Legal-Ease: Ohio deed fraud on the rise

When you purchase real property, you attend a closing (which is not always in person) and the seller(s) sign(s) a deed to you as buyer. This deed identifies the property (with a legal description approved by the county tax map office). Upon the deed getting executed the deed then gets recorded by the title company in the county recorder’s office. In most cases, the original deed then gets returned to the buyer after recording.

Most people who are buyers know that when they get a signed deed upon the purchase of real property that they are then the owners of the real property.

Additionally, most people assume nothing will ever be recorded in their name unless they personally sign another deed.

Unfortunately, deed fraud is on the rise in Ohio (as with all types of fraud) and people can and do lose ownership or use of real property that they have bought and paid for. Deed fraud is when malicious actors forge signatures, falsify documents, and/or illegally transfer property titles to themselves.

How does deed fraud tend to happen? Some fraudsters are contacting realtors to sell properties they do not own. For example, a person posing as the owner of a property may ask a realtor to list the property and even present a fake ID to prove their ownership. If not caught and a transaction is completed, the fraudster ends up taking the money and disappears. Leaving the buyer with a property they believe they’ve purchased but isn’t lawfully theirs.

Title companies and realtors are trained to exercise due diligence and to be vigilant and attentive to try and notice deed fraud before it occurs. But there is no question that deed fraud is on the rise even though currently it is still a rare occurrence across the state.

What can you do to help protect yourself and make yourself aware if deed fraud were to happen to you? Some local counties, like Allen County, allow people to sign up for free software that alerts an individual if a document gets recorded and contains their name. Not all counties offer alert programs like this, but the number of counties offering this type of service is on the rise and you can check with your county to see if a program is offered in your county. The software offered by Allen County is called AlertMe.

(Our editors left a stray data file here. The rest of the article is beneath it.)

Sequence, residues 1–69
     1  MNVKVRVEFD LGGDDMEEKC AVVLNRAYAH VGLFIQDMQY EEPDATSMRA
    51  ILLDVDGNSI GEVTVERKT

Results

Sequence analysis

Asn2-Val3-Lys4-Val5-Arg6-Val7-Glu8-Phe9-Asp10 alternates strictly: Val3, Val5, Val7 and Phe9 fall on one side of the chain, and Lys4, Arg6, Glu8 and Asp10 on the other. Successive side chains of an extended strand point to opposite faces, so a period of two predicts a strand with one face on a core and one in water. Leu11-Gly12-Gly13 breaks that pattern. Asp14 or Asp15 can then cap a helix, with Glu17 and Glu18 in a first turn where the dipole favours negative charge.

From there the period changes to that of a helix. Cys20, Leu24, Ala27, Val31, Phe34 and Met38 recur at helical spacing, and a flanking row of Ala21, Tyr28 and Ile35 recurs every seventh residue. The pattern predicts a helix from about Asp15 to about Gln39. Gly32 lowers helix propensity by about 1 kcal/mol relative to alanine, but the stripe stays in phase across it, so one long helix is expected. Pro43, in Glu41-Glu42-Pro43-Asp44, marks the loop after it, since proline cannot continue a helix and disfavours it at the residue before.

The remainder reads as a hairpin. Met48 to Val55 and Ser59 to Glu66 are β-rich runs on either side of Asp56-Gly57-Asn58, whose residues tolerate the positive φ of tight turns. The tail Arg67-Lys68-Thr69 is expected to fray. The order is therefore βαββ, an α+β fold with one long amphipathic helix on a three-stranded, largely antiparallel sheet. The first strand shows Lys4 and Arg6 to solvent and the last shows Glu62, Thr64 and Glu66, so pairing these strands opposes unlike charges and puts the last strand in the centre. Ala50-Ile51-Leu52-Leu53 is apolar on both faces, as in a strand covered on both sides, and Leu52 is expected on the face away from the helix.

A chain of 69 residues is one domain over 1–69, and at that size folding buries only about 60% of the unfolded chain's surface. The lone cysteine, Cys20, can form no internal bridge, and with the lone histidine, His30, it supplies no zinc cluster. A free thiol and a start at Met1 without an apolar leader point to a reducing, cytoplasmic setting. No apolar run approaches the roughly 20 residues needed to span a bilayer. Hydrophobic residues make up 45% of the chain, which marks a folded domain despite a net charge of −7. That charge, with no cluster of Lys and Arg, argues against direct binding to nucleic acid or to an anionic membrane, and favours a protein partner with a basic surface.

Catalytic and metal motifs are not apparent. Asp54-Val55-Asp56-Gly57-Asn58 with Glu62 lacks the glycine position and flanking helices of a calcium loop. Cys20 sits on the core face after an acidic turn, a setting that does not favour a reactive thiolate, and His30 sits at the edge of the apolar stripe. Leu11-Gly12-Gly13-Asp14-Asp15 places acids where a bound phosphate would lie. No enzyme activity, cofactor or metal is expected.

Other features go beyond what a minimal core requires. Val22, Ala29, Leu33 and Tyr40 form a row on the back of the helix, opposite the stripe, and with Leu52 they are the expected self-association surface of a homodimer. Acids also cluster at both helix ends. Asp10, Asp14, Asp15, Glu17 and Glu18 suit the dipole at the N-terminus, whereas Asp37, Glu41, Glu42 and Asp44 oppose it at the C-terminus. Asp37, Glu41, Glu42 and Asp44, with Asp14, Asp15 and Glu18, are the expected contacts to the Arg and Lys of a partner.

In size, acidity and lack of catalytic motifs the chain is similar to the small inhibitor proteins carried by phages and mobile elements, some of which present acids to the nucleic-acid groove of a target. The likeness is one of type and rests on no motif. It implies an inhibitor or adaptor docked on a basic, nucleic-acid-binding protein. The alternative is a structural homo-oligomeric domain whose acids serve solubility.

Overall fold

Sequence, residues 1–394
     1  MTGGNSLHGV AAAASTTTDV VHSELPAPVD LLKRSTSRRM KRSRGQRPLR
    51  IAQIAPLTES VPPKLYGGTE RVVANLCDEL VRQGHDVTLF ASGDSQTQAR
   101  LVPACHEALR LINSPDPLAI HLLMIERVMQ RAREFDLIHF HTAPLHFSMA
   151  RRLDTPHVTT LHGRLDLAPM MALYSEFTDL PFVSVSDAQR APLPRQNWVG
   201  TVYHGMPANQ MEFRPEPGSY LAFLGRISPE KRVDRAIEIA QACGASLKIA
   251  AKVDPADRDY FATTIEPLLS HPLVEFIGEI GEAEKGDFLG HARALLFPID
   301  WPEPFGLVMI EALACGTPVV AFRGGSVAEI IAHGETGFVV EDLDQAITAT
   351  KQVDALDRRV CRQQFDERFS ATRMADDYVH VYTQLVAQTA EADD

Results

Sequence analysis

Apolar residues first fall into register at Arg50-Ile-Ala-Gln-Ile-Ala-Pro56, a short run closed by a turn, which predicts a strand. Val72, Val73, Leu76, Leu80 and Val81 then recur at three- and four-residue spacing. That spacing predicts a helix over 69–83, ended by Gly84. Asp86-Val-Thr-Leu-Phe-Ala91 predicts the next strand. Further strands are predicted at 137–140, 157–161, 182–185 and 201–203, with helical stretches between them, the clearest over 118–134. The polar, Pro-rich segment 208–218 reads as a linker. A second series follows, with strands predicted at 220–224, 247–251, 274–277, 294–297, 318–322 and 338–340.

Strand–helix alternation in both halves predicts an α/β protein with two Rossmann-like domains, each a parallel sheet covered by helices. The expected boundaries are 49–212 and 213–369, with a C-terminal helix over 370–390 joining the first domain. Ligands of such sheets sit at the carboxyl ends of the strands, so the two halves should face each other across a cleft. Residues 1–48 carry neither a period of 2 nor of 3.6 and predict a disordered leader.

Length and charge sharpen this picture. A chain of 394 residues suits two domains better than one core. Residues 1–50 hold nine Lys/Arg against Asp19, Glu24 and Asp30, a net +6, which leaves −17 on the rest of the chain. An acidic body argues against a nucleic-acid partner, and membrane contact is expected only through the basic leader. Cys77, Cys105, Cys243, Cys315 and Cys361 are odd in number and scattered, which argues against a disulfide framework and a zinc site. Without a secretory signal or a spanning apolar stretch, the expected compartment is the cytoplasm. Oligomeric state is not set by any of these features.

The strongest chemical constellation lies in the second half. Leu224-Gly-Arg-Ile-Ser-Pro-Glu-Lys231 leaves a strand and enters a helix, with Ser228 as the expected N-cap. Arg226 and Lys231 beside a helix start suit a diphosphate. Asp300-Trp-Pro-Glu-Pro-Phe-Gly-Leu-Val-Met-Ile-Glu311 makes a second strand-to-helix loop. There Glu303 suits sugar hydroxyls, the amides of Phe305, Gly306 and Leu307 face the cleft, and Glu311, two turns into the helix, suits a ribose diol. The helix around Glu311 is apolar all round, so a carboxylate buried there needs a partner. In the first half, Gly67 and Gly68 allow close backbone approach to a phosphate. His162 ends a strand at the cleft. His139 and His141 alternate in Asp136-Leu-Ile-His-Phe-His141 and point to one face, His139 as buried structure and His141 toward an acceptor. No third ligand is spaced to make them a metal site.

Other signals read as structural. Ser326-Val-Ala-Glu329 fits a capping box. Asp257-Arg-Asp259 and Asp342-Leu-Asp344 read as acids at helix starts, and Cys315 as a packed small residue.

AlertMe works by an individual using his or her email address to register for the AlertMe software. Upon registering with the county recorder’s office, the software is designed to email an individual if a document is recorded in that county obtaining his or her name.

Thus, when deed fraud happens a person is alerted and notified. The downfall with the alert software is that it is not able to prevent deed fraud but merely notifies a person once deed fraud happens.

However, being notified quickly and promptly when deed fraud does occur would help law enforcement find the fraudsters.

Nichole Y. Shafer is an Ohio-licensed attorney at Schroeder Law LTD in Putnam County. She limits her practice to business, real estate, estate planning and agriculture issues in northwest Ohio. She can be reached at [email protected] or at 419-659-2058. This article is not intended to serve as legal advice, and specific advice should be sought from the licensed attorney of your choice based upon the specific facts and circumstances that you face.